Garage Security

Drive around almost any neighborhood and you will find homes with wide-open garages, with expensive tools and equipment in plain sight, and no one around.

Tools are portable. Often, they come in their very own carrying case with a handle and everything. Anything on wheels like a generator or air compressor rolls.

A bold thief could just walk right up in broad daylight, grab your expensive set of Snap-On wrenches or your digital torque wrenches. Maybe a neighbor will notice but probably not. If the guy acts like he’s supposed to be there, most people assume it’s ok for him to be there.

Bye-bye tools.

Garages are goldmines–full of easy-to-steal stuff that’s even easier to turn into money via the local pawn shop or Craig’s List.

In addition to being susceptible to the random snatch and grab artist, an open garage with everything you’ve got on display is an invitation to the more serious thief who makes plans and comes back later.

Either way, it’s a good idea to not advertise what you’ve got. Keep the door closed unless it needs to be open.

Anything easily portable like tools should be stored in heavy chests and other such that aren’t easy to just grab and go.

And that can be locked, too. Even better, bolted to the wall or floor.

Classic cars generally don’t have anti-theft systems, unless you’ve installed them; they are also ridiculously easy to hot wire.

It’s not a bad idea to install some kind of disabling system, even if it’s something simple like removing the coil wire and keeping it hidden someplace no one knows about except you. It’s not likely a thief will have the right coil wire to start up your vintage car.

A friend of mine who lives in a not-great neighborhood sank eye bolts into the concrete floor of his garage and uses them to chain the axle of his antique car to the floor. Chains can be cut, but it takes time and the harder you make it to steal something, the less likely it is to be stolen.

If you have motorcycles, remember that they can be quickly rolled (or carried) onto a waiting trailer or into the bed of a pick-up, to be hacked up later at the thief’s convenience.

It’s smart to lock the steering head to the left and then take the keys out and put them somewhere else. It’s much harder to roll a bike with its front wheel locked up this way.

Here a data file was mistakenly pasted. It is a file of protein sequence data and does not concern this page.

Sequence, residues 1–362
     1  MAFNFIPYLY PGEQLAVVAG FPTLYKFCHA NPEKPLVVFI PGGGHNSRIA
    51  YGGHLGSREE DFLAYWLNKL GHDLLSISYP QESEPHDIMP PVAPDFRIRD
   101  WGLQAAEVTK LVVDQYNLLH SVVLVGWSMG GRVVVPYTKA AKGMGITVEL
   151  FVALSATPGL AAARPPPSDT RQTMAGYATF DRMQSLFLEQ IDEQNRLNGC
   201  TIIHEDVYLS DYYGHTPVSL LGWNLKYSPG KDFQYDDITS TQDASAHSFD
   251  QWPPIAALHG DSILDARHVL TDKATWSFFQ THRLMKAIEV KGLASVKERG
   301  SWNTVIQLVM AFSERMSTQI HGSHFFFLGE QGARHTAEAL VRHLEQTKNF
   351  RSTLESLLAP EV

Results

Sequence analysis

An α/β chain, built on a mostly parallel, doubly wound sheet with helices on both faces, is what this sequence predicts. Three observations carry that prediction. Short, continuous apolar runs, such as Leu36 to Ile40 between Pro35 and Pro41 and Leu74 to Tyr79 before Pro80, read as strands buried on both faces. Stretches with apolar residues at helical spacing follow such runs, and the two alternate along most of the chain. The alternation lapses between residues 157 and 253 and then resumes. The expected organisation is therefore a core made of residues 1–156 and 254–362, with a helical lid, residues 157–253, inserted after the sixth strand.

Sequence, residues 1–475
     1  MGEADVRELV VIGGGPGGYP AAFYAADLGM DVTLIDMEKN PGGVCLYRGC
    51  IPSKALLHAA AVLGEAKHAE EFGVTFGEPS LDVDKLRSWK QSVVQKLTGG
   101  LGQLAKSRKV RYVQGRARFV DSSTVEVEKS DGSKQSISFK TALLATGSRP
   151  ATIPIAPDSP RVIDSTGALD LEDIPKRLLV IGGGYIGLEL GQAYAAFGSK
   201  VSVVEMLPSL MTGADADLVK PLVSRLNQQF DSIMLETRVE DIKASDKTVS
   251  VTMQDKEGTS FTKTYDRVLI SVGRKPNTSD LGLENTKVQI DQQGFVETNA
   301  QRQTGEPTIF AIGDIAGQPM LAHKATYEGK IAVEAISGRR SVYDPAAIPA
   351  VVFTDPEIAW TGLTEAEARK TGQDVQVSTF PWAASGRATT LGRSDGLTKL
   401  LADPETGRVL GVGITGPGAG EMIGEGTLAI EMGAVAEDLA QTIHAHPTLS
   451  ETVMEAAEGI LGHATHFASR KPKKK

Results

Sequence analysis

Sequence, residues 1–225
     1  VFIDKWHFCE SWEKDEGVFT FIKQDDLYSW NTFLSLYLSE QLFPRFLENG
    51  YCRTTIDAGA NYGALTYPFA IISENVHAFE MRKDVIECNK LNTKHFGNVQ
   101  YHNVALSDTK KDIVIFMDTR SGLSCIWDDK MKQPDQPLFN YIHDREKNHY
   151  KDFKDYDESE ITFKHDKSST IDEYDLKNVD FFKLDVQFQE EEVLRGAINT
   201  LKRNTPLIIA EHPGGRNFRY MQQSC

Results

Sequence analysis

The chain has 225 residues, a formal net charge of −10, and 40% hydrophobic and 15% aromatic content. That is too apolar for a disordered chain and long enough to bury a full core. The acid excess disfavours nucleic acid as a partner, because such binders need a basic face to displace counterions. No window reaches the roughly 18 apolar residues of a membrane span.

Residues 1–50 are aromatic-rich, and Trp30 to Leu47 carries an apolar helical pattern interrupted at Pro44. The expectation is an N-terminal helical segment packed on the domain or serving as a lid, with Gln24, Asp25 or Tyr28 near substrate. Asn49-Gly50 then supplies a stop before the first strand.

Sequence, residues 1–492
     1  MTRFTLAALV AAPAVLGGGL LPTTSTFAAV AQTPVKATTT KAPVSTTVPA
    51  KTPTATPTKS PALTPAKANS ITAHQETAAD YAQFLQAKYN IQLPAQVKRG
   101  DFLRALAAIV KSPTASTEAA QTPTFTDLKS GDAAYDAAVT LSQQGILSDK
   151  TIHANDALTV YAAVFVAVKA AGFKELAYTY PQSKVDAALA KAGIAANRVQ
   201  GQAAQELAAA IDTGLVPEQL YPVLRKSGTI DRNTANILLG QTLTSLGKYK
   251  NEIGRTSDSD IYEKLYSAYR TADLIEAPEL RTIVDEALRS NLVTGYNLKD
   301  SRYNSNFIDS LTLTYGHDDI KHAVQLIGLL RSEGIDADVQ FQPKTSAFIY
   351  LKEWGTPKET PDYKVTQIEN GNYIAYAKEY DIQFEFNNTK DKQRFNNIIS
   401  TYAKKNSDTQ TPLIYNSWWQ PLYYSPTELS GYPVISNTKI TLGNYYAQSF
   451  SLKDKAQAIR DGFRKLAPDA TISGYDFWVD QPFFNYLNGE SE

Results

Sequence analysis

It is also a really good idea to secure the barn doors. It’s often the case that thieves don’t have to break into anything. They just heave the garage door up or walk in the side door.

Electric garage doors are fairly simple to break open, which is why it’s a smart policy to use a secondary means of securing the door. An easy and cheap way to do this is to drill a hole in one of the tracks on either side of the door, the ones that the roller wheels ride in as the door goes up and down. Drill a hole the diameter of a common Master combination lock (or similar). When you’re going to be away, slip the lock in place. That door isn’t going up even with a crowbar.

Many garages have a side door with a large glass window. This is pretty and also pretty stupid. The glass is easily smashed and if it’s a large enough opening, the thief can just shimmy through the hole (or reach in and undo the dead bolt). It’s almost pointless to even bother with a lock at all.

A solid side door is the ticket or one with a small window–too small for anyone to climb through and mounted up high, too high for anyone’s arm to reach down to the locks.

If you have an outside electric keypad opener, don’t use an obvious code (e.g., 1234) or tell too many people what the code is.

Mark expensive tools/equipment with a punch, a Dremel tool, or some such in a not-visible/hard-to-access place so if it is stolen and turns up later at a pawn shop, you’ll be able to prove it is yours.

A bright exterior light that’s motion-triggered is a good thing. An even better thing (cheap, too) is a close-circuit camera system, obviously sited so that a thief can see he will be recorded if he proceeds.

Plus another that’s not obvious—the camera feeds can be piped right to your smartphone, too.

Finally, find out whether your homeowner’s policy covers your tools and equipment. It’s not a bad idea to inventory everything with pictures or video for back-up in the event you need to verify a claim.

Eric Peters lives in Virginia and enjoys driving cars and motorcycles. In the past, Eric worked as a car journalist for many prominent mainstream media outlets. Currently, he focuses his time writing auto history books, reviewing cars, and blogging about cars+ for his website

Editor’s Note: The opinions expressed in this article are those of the author.

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